Message from Dan Brodsky, Chairman
JCANA recently held our 9th annual conference in Vancouver B. C., and members from around North America gathered to hear presentations about matters that are important to cemeteries everywhere: security, mapping software, grounds maintenance, historic preservation, green burial and more. And we were privileged to visit some of the local Jewish cemeteries and see new and different ways to run a cemetery. Every conference JCANA has put on over the past 9 years has been an opportunity for our members to pick up information and to see how other cemeteries handle the issues that we all face in our day-to-day operations. And each time we all get together, it’s an occasion to renew old acquaintances and to make new friends. We have built a sizable network of friends and colleagues in the short time that JCANA has been in existence.
We are already planning for our next conference in 2018: our Conference Planning Committee is looking at several destinations, and we hope to have an announcement by the end of this summer. So keep next May open and look for news soon! If you have not yet joined our organization, please do so on our website: www.JCANA.org, or call Amy Koplow, our Membership Chair, at 212-239-1662.
Dan Brodsky, Chairman
9th Annual JCANA Conference Wrap Up
The Jewish Cemetery Association of North America (JCANA), in conjunction with the Schara Tzedeck Cemetery Board, held its 9th Annual Conference in Vancouver, British Columbia, Canada May 21st – 24th 2017. The 3-day conference is a coming together of cemetery and Chevra Kadisha Directors to share innovative ideas, discuss controversial issues and plan strategies for fiscal responsibility in cemetery management.
The conference kicked off with a Gala Dinner catering to 70 guests and featuring keynote speaker Michael Geller, local architect, planner and real estate developer.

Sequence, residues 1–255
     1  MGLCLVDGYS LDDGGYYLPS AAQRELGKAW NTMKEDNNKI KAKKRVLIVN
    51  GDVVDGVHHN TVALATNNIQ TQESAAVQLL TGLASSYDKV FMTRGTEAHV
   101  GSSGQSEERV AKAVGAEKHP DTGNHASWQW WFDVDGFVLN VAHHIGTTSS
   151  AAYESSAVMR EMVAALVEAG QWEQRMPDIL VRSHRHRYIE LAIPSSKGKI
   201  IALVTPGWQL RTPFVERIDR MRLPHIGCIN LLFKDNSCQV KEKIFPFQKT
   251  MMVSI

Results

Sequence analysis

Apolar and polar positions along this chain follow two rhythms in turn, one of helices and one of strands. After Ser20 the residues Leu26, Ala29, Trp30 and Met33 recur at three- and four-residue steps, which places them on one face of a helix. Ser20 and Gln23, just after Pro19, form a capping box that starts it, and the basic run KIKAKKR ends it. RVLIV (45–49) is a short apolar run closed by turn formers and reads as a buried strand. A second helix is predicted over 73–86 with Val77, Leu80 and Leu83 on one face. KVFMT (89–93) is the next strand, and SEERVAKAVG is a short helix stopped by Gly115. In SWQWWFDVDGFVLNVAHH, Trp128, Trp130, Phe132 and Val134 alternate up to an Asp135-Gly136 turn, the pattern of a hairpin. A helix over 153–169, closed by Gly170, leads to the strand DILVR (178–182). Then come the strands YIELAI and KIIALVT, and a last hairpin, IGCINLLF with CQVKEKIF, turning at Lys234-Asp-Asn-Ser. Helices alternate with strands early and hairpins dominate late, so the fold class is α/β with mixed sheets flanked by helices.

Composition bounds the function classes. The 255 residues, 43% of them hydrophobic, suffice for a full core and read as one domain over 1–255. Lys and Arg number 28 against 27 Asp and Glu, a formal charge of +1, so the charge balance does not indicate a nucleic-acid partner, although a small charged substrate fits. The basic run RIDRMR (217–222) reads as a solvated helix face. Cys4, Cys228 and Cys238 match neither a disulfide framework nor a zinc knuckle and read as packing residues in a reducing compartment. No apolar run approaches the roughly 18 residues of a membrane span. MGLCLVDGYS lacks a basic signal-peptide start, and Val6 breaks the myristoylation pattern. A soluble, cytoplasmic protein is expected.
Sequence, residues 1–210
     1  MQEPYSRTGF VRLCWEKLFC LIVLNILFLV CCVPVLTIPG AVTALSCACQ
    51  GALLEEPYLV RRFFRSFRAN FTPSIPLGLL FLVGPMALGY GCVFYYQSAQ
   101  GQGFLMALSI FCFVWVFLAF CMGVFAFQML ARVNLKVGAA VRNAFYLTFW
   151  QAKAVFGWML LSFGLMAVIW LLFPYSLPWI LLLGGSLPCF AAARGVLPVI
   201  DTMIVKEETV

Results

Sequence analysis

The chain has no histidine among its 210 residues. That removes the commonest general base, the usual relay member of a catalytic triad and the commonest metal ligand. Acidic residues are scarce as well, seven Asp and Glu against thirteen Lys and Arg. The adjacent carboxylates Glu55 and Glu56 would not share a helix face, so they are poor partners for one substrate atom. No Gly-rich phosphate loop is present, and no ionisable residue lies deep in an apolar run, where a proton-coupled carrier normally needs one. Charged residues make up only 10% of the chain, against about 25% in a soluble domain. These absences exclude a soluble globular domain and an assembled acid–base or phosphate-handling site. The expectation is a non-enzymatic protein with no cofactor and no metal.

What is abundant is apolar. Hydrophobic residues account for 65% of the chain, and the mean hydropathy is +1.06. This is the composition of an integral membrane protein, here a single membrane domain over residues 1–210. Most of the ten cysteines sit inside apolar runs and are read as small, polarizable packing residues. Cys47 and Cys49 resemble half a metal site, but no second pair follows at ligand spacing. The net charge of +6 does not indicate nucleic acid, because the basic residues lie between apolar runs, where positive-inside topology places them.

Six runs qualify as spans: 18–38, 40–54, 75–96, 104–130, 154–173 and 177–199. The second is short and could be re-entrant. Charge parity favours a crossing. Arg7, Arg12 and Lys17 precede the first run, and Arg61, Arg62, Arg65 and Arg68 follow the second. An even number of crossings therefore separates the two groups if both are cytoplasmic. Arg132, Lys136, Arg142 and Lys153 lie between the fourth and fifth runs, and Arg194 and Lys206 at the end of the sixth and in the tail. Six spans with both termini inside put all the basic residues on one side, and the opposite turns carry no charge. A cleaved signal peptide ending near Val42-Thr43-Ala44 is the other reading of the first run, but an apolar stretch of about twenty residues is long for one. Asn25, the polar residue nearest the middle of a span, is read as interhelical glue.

Topics covered over the 3 days included Cemetery Security, Green Burial, Cemetery Restoration, Chevra Kadisha and the Community, Cemetery Mapping, Ethical Wills, and Autopsy and Medical Dissection.
Speakers included local Vancouver experts as well as other prtofessionals from Seattle and New Jersey.
Two afternoons were spent visiting local Jewish cemeteries, one of which, Mountain View Cemetery, dates back to 1892 and has been entirely restored and refurbished with new amenities. An unveiling of five baby headstones was solemnly observed along with a walking tour of this historical cemetery. Another, Schara Tzedeck Cemetery, has had its chapel renovated including a new area for “kohanim”, “tahara” room, “shomrim” room and family room. The third, Temple Sholom Cemetery, is a very unique concept with graves intermingled among gardens and trees. Its architect, world-renowned Cornelia Oberlander, treated delegates to an insightful talk.
The conference took a thematic approach, which incorporated panel discussions and fostered interaction among attendees.
Howard Jampolsky, Executive Director of the Schara Tzedeck Cemetery Board was happy to host this conference in Vancouver along with Dan Brodsky, Chairman of JCANA.
Jewish Cemeteries of Greater Cincinnati and Cincinnati Jewish Community Dedicates New Cemetery
By Marc Emral
It’s the first new Jewish cemetery in Cincinnati in 59 years, and officials hope it lasts for the next 100 years.
The cemetery was dedicated Sunday, June 4, and included services conducted by congregational rabbis to dedicate the initial Reform, Conservative and Orthodox sections.
“I think it is incredibly special that we have a cemetery that is going to house all of our Jewish community in one location that is a pluralistic space that acknowledges we are one community with community needs,” said David Harris, the soon-to-be executive director of the Jewish Cemeteries of Greater Cincinnati (JCGC). “While we may have different practices we can find a way to incorporate all of that together and have a community space that really is part of the overlying mission, in some way, of Jewish Cemeteries of Greater Cincinnati to be that body that oversees the needs of the entire community.”
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